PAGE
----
Along with the brightness comes adjustability. Having an LED light set to its highest setting isn't required all the time. When you just need a "little" light for a task, having the ability to turn the light down is a must. Lower settings help conserve your low light vision and it saves on battery life as well. Most LED lights have several settings to adjust the light. The more the better; but be sure the light you consider has immediate access to the brightest setting so it can be accessed if a threat suddenly pops up. You don't want to be fumbling with a light switch if you're trying to acquire a bad guy.

A strobe function is also a good addition to a patrol light. If you are not familiar with "strobing," it is a feature on today's newest lights. Flashing a strobe light into the eyes of a subject in low light has been shown to disorient them, sometimes to the point of making them physically sick. For the user, being behind the light, the same untoward effects are not felt. The strobe can be a dramatic, intimidating tactic in low light. Like the adjustability; if your new light is going to have a strobe feature, it needs to be immediately accessible in a crisis situation.

The ability to carry the light also must be considered. For years, flashlights have been a round tube with the light at one end, the batteries stacked behind the light head and a switch on the tube or on the tail cap. New developments have changed the way we carry our lights, as well. There are lights you can clip on your shirt pocket or lapel, there are even lights you can wear on your head.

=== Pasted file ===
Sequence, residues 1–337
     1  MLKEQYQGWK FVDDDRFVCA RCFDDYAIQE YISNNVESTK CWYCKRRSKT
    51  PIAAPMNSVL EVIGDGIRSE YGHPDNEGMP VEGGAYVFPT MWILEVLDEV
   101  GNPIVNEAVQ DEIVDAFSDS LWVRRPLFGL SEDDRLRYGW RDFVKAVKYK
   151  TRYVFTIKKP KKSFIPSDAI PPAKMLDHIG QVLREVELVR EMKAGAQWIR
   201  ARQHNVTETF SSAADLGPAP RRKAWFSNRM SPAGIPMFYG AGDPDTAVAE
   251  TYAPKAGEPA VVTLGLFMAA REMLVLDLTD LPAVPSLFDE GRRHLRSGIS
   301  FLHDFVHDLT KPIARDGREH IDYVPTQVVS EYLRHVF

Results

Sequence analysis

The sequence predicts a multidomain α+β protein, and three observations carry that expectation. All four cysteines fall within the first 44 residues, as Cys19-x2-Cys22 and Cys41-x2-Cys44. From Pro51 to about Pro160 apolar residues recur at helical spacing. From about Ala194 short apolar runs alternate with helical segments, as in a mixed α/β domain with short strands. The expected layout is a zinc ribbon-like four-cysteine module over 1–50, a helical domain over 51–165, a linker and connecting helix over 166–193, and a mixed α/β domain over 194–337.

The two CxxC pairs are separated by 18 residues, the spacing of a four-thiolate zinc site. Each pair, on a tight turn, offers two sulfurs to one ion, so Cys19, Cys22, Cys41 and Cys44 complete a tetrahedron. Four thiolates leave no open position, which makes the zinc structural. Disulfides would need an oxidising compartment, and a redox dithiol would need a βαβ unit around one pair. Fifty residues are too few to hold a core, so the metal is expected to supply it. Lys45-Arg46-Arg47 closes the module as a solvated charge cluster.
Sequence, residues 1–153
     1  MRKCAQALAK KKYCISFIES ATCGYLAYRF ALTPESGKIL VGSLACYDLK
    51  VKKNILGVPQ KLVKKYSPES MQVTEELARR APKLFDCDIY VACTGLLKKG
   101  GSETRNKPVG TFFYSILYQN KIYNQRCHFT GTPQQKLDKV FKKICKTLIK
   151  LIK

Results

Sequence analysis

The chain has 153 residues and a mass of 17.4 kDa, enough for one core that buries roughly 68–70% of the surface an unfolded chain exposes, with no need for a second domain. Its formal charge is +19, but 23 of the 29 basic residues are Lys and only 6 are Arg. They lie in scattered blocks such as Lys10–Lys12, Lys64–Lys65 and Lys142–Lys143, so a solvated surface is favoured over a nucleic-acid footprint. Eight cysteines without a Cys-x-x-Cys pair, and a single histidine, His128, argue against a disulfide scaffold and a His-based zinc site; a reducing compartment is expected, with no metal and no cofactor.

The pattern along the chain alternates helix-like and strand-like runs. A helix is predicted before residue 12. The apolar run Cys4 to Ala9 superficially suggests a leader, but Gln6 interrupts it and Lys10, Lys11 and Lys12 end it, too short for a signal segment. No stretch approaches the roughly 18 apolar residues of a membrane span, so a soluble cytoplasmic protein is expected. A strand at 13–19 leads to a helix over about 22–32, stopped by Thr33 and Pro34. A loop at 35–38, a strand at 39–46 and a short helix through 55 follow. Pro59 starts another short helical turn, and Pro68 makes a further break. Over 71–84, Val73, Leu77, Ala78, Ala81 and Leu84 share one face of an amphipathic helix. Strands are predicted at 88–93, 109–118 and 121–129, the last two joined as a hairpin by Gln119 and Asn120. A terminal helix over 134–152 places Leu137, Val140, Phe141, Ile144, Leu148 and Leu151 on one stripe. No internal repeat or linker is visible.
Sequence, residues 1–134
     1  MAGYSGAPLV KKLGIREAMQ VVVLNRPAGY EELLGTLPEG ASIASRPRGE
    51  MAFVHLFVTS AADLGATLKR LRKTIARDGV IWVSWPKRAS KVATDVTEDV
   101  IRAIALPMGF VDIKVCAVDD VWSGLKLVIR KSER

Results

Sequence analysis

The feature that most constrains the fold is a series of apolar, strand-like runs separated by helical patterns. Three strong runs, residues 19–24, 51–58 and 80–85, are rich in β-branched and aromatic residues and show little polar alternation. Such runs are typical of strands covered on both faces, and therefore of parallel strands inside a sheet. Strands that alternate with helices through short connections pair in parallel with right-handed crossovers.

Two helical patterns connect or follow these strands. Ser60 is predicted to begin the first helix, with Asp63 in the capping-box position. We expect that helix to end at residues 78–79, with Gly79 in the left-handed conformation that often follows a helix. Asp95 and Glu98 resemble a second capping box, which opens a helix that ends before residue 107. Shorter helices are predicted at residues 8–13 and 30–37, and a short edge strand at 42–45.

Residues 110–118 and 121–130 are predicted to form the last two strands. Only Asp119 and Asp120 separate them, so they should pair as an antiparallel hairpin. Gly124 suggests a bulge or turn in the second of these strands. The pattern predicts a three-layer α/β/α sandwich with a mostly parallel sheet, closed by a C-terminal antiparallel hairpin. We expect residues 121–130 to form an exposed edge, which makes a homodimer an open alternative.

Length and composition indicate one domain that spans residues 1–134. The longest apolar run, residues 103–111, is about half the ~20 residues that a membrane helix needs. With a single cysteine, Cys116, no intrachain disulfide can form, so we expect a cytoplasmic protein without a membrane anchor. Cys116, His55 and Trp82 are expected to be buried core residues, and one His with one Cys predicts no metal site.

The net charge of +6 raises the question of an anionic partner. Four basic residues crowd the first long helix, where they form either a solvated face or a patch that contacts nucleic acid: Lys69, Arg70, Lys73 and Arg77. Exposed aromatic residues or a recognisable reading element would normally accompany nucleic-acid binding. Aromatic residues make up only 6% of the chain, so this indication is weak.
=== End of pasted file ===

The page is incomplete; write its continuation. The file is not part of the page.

One company has designed a flashlight that is worn on the hand so both of your hands are free while using the light. To me this is an interesting concept. Think about this for a minute; if you are on a traffic stop in low light, do you have your light out? What are you going to do with that light if you need to demonstrate field sobriety tests? Write a ticket? Handcuff the subject? You are going to do what we all do, stick the light in your mouth (if it's small enough), stick it in your belt or stick it under your arm. What about shooting at night? We all have our favorite flashlight technique for shooting a night; but, if the gun malfunctions or we need to reload, the light goes right into our mouths or under our arm.

Having a light on your hand and not in your hand is the biggest advance in flashlight technology I have seen to date. With this latest addition to the law enforcement field; a good patrol light should have the ability to be used and keep both hands free for other tasks as well.

You are now armed with the information you need to go forth and find a new light suited for police work. To summarize; the light should: run for at least 90 minutes on new batteries without a recharge, be 80 to 200 lumens in strength, be adjustable from full power to low power with instant access to the highest setting; have a strobe function with instant access and have the ability to keep both of your hands free while the light is in use. This a pretty tall order for a good patrol light. They are out there, just spend some time to find the light that is right for you; your life could depend on it.
About the Author
Rick London has been a police officer for sixteen years and is co-owner of www.tacticalleds.com. Rick has written numerous articles regarding LED flashlight technology and the application of LEDs to tactical LED flashlights used in law enforcement and public service.